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Tangle

A consensus mechanism in which transactions must confirm the validity of at least two preceding transactions.

The more a specific a transaction is, the more immutable it becomes. The immutability of a transaction depends on how many transactions refer back to it and how immutable the references are

Testnet

A fork of a blockchain network that has relaxed access requirements in order to allow rapid development of applications without the overhead of a main network.

Testnets can be used to prove out new features before they are deployed to the main chain.

Token

In the blockchain industry, tokens are the generalized base unit of a cryptocurrency. A token is the lowest unit possible; it cannot be divided further.

Token, Non-Fungible (NFT)

Single token units that cannot be combined with others, even if they are the same type. NFTs can be used to represent distinct goods, such as a land deed or a particular piece of artwork.

TOKEN, SECURITY 

Tokens that represent a share of a company or other security.

Security tokens have specific mechanisms in place for transferring ownership in compliance with regulations. Similar to preferred shares in a company, security tokens may grant additional rights to their owners, such as voting rights in a decentralized autonomous organization (DAO).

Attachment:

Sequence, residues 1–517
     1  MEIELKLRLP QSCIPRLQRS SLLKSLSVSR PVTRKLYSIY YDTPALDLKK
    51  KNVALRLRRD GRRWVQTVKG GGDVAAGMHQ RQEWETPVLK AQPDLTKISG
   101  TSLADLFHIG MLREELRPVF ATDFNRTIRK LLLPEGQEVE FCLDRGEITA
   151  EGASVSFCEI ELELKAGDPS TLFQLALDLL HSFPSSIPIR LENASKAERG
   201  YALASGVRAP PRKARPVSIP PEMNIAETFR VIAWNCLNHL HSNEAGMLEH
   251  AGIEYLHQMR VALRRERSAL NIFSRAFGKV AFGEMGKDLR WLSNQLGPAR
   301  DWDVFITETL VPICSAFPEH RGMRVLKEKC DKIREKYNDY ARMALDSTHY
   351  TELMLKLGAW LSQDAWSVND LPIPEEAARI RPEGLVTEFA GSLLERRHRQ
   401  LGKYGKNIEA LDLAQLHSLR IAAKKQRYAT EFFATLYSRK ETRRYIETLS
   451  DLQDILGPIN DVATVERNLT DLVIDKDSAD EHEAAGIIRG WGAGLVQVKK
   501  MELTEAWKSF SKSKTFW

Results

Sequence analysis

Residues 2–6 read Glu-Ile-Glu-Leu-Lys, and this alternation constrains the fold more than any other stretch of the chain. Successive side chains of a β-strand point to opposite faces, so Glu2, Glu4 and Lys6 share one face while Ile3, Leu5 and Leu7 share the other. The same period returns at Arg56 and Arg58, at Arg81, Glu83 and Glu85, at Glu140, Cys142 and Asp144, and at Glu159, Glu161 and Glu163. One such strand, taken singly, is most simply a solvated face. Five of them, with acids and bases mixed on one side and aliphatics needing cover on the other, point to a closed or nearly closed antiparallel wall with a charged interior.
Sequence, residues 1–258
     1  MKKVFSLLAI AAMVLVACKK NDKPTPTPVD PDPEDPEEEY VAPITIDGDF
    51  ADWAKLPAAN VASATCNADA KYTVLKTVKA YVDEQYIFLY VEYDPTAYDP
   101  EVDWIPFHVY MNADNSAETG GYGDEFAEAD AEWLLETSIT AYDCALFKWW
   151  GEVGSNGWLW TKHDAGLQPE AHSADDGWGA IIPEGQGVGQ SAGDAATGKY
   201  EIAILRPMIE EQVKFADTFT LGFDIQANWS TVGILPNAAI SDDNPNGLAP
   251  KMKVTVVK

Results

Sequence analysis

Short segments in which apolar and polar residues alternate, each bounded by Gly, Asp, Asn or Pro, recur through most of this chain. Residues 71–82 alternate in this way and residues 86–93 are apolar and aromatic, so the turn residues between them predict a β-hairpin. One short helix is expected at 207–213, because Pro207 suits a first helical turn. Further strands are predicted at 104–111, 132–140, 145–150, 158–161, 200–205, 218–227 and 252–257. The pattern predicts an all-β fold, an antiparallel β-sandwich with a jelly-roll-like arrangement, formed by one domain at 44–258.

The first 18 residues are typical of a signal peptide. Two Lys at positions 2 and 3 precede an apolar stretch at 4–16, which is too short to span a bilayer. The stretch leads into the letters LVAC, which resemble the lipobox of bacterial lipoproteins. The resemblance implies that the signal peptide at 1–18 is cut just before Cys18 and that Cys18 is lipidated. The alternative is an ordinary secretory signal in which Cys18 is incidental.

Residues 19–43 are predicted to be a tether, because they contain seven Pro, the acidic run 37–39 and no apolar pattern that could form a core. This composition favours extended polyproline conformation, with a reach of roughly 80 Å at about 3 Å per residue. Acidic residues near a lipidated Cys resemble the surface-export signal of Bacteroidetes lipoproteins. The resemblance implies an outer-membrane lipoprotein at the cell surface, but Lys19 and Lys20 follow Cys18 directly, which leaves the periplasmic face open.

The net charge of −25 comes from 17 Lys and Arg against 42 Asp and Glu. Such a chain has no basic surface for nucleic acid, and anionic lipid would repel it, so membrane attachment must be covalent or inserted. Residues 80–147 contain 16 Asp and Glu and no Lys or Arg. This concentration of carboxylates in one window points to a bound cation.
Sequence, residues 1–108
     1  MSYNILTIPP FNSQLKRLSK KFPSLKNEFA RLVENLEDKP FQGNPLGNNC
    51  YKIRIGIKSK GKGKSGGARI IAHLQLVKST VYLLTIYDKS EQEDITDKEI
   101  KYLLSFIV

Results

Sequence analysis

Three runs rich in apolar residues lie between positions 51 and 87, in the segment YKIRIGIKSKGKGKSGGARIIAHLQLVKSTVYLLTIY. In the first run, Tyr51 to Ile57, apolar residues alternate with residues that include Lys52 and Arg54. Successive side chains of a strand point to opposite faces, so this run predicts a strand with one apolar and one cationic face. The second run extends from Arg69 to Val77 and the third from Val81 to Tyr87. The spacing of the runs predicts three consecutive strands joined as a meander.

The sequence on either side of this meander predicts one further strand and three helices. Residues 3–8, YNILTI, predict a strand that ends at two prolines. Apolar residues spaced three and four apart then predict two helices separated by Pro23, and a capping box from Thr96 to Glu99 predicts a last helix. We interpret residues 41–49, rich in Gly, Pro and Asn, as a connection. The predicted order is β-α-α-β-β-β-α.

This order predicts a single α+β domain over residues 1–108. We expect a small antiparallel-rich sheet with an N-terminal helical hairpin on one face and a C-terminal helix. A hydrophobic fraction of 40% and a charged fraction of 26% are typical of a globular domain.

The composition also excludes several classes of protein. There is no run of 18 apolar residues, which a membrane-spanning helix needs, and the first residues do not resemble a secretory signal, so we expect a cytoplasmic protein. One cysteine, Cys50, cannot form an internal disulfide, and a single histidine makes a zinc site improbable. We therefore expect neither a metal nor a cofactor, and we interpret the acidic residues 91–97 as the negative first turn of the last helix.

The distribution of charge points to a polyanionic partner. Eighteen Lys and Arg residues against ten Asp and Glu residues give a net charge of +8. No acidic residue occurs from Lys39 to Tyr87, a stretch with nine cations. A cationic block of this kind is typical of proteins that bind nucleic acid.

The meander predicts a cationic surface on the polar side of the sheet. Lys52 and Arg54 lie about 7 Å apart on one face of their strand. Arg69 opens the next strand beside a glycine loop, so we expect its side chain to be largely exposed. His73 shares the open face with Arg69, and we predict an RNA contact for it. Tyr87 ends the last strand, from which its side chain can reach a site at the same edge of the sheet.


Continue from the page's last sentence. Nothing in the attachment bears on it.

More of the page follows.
Token, Stable

A cryptocurrency that attempts to remain a fixed value in relation to another currency, typically fiat.

Some stable tokens rely on market forces and arbitrage to maintain a consistent value, while others rely on a ratio of stored value. 

Stable tokens reduce the risk associated with the traditional market volatility of cryptocurrencies.

Token, Utility

A cryptocurrency that has a use case beyond simply transferring value between actors.